3 Jun 2007

The odd inessive of Etruscan *hantha

I'm still plugging away at my Etruscan database, entering in new data and continuously pondering on new connections and insights that I seem to be the only one caring about. Grrr!

I just noticed another oddity in the Liber Linteus, a long text which people presume concerns Etruscan rites. It was written on linen which was wrapped around a mummy but as far as I know, no one yet has bothered to translate it so there's a lot of fruitless hearsay that still floats around. But let's face it: Compared to learning history, isn't it far more fascinating what Paris Hilton is getting arrested for today? Bah!

Anyways, there's one word which is repeated over and over in a particular formulaic phrase of apparent ritual significance. Despite historians recognizing this pattern, no one for decades and decades has bothered to nail down what it means for some bizarre reason. It's spelled and inflected in various ways, such as:

Cis-um pute tul θans, hate-c repine-c. (LL 3.xxiii-xxiv)
Cis-um pute tul θans, haθe-c repine-c. (LL 9.xi-xii)
Cis-um pute tul θansur, hatr-θi repin-θi-c. (LL 2.xv-xvi)

Thus far, I've recorded the word as *hanθa "front" in my personal database with the following inflected forms as we can see in some of the phrases above:

hanθin [LL 11.iii, 11.vii], hante-c [LL 3.xxiv], haθe [LL 9.iv], hate-c [LL 4.vi, 4.xvi], haθe-c [LL 9.xii, 9.xx] (loc.sg.) // haθr-θi [LL 2.iv, 2.xvi, 5.v, 5.xii] (iness.sg.)

Larissa Bonfante likewise claimed hanθin to mean "in front". Some may be tempted to connect the etymon haphazardly to Egyptian [ḥȝt] 'foremost' (Sahidic xach) or to Hittite hanti 'front' but I think we need to resist that temptation unless no internal etymology can be found. From what I see the above shows a variously-declined derivative noun *hanθa meaning "front" which in turn can be based on a postpositional particle han "before, in front of" (hen [CPer A.v, A.xxiv]; ce-hen [TLE 619] "this here") .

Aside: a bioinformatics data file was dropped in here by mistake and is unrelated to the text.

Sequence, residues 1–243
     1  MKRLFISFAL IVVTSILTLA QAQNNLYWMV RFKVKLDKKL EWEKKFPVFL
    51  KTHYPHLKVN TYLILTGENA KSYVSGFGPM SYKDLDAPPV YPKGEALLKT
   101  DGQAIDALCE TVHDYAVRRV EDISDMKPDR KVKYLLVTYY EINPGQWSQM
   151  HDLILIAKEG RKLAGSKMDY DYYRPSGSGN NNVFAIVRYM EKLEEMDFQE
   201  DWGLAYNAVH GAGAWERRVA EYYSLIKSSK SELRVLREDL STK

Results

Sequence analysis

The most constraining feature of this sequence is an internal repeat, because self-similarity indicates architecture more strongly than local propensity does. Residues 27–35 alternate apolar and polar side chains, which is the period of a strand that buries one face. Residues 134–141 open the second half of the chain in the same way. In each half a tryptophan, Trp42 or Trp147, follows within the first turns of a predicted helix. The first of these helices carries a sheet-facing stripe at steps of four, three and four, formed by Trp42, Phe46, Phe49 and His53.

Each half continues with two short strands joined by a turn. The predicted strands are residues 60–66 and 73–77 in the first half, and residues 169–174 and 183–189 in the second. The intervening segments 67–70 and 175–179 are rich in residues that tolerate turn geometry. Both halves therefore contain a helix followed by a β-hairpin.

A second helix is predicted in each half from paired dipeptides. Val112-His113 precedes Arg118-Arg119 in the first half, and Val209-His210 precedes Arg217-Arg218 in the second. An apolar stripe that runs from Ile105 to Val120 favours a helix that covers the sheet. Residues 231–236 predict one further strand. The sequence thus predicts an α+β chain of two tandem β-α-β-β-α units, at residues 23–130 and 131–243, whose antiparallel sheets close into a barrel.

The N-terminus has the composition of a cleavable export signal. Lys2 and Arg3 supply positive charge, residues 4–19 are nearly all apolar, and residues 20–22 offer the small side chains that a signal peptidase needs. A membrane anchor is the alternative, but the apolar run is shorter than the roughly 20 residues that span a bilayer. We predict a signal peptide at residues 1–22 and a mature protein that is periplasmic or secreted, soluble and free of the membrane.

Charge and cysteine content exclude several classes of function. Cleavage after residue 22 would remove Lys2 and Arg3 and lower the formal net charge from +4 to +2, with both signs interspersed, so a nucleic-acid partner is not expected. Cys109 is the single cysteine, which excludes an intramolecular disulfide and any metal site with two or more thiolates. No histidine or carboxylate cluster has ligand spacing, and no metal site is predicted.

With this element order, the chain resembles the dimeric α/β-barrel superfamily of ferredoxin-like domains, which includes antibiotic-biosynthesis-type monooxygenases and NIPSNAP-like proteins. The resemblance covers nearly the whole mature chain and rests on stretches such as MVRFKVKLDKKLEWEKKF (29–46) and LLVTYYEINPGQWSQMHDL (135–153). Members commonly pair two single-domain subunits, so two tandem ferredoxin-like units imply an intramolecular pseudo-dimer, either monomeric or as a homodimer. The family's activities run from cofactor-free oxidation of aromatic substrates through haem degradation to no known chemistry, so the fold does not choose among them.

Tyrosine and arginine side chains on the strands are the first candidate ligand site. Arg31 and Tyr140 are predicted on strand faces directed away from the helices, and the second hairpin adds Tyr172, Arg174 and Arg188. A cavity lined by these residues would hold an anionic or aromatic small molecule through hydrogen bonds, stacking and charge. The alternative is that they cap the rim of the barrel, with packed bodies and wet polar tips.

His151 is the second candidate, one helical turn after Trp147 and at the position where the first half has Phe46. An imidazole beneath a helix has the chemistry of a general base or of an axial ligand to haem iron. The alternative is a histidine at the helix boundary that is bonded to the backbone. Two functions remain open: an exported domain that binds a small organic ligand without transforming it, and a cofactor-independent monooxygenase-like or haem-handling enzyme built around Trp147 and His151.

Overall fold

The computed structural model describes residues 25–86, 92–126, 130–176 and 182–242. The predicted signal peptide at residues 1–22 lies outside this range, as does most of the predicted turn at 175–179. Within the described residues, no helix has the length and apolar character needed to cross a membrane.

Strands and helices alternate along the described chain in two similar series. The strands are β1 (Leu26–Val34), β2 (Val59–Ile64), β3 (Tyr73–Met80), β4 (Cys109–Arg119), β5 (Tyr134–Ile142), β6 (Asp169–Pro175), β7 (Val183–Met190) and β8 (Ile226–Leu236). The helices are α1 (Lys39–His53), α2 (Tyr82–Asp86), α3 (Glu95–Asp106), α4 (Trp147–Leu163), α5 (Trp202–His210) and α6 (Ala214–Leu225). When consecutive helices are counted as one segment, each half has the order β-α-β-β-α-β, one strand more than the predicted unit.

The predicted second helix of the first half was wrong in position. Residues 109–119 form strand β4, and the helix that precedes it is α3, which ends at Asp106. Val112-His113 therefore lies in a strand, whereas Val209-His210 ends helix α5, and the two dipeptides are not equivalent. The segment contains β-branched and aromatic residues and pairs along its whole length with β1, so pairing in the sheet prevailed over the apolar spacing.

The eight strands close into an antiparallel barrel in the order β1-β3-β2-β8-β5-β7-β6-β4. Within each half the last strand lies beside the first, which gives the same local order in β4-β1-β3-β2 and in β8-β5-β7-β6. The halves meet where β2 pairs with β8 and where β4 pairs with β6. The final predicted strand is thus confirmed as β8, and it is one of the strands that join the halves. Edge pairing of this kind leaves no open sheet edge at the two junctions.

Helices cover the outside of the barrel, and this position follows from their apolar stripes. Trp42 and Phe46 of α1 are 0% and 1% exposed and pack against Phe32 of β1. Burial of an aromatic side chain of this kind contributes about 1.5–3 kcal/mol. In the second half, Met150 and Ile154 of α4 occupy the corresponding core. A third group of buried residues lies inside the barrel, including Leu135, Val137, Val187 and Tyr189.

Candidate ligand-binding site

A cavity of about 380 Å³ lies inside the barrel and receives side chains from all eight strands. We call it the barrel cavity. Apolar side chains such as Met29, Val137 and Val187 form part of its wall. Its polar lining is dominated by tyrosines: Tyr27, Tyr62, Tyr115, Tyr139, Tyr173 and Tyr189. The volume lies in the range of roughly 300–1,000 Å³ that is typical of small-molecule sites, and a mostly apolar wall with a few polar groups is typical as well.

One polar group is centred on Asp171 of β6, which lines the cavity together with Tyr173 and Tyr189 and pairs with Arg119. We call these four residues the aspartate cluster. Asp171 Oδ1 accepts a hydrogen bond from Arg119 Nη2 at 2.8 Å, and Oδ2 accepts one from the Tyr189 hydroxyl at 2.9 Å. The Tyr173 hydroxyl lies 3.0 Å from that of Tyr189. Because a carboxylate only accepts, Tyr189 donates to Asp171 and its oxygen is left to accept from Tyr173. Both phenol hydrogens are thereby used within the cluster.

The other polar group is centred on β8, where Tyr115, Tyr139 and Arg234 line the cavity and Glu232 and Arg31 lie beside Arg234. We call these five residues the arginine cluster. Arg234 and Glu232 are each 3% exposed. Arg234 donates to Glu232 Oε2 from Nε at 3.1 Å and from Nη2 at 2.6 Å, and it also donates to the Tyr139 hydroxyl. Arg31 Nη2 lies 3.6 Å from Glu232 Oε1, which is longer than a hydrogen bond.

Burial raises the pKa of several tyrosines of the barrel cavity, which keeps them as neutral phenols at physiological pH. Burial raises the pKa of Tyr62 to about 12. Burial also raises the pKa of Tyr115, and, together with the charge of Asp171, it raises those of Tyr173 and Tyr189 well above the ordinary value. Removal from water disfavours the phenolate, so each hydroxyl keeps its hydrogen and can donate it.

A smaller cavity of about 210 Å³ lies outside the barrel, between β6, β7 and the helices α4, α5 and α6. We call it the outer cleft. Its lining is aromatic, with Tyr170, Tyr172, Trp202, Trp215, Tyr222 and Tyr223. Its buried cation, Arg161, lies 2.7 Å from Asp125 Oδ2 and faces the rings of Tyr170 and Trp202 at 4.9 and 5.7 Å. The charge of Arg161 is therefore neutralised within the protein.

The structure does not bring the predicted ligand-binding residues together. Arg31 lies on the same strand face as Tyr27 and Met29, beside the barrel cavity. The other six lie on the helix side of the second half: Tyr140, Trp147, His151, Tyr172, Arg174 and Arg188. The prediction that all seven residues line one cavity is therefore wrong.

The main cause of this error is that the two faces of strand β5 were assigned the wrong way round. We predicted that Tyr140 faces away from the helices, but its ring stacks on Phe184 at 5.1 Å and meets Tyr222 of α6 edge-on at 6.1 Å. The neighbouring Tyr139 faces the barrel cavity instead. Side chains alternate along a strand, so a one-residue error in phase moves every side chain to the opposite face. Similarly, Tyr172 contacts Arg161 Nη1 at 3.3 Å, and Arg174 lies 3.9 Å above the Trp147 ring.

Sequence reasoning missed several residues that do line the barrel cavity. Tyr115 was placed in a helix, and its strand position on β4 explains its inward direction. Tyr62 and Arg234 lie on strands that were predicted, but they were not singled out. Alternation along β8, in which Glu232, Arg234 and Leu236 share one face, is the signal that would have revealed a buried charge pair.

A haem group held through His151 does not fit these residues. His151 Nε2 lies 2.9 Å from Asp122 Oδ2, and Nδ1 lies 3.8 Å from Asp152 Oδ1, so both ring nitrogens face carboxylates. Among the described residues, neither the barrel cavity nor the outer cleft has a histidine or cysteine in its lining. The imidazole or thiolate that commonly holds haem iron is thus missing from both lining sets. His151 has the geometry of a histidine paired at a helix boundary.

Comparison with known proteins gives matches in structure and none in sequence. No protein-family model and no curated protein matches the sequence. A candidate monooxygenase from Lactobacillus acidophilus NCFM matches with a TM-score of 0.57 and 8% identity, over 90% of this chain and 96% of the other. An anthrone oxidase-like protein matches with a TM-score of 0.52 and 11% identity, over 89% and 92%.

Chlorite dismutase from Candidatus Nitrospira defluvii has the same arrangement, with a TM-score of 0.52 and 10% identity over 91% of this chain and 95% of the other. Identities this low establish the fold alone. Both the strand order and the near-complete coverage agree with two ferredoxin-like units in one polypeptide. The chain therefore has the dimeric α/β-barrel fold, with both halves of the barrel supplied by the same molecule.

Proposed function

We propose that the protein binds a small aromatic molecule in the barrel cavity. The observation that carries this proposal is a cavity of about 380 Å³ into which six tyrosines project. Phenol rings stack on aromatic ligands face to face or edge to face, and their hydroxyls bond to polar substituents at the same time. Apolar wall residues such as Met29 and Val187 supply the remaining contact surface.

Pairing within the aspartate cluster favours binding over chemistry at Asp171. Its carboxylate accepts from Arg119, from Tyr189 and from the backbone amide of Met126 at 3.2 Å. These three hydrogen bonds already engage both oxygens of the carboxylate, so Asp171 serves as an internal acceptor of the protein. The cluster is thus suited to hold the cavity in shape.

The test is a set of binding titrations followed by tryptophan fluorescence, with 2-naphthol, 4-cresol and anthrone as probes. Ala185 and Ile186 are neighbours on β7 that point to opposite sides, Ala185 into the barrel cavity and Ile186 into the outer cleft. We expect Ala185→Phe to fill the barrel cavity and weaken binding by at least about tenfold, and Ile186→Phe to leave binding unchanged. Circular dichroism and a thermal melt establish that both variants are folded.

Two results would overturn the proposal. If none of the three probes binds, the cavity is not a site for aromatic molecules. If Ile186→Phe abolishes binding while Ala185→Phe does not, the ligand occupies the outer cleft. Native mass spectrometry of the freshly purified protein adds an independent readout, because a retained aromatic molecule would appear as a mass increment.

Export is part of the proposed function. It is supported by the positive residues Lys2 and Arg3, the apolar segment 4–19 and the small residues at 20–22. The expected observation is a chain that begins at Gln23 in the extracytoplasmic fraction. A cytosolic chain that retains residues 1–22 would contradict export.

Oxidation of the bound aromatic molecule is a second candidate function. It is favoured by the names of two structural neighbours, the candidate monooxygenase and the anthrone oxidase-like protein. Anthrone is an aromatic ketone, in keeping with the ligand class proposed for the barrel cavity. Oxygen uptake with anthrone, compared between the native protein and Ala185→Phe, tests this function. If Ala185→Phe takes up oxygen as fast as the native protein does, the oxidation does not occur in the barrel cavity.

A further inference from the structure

Inspired in part by Bomhard's views expressed in Indo-European and the Nostratic Hypothesis (1996), I would personally conjecture that any similarities here between Hittite and Etruscan are the product of individual inheritance from an Indo-Aegean protolanguage circa 7000 BCE that would later produce Indo-European (including Hittite of its Anatolian branch) and Aegean (producing Etruscan, Rhaetic, Lemnian, Eteo-Cypriot and Minoan). But that's just me.

What I'm interested in here is not so much the etymology but a curious loss of medial -n- as well as an otherwise unattested alternation (at least as far as I know) between locative haθe and inessive haθr-θi. If the loss of -n- can be explained here, the locative form is otherwise the natural result of Old Etruscan -ai (stem-final -a plus locative ending -i) turning to -e. However the inessive throws me for a loop. Where on earth is that -r- coming from? It's placed so consistently in the Liber Linteus between the stem and the inessive ending that it can't be an error.

I have no firm answers yet (nor do I believe that many Etruscologists have even noticed this yet or really thought about it), but the only answer I can give right now is that maybe this is what happens when a vowel is squeezed between two aspirate stops. Thus, what we would expect to be *haθe-θi is transformed by some as-yet obscure morphophonetic rule to haθr-θi with syllabic liquid.


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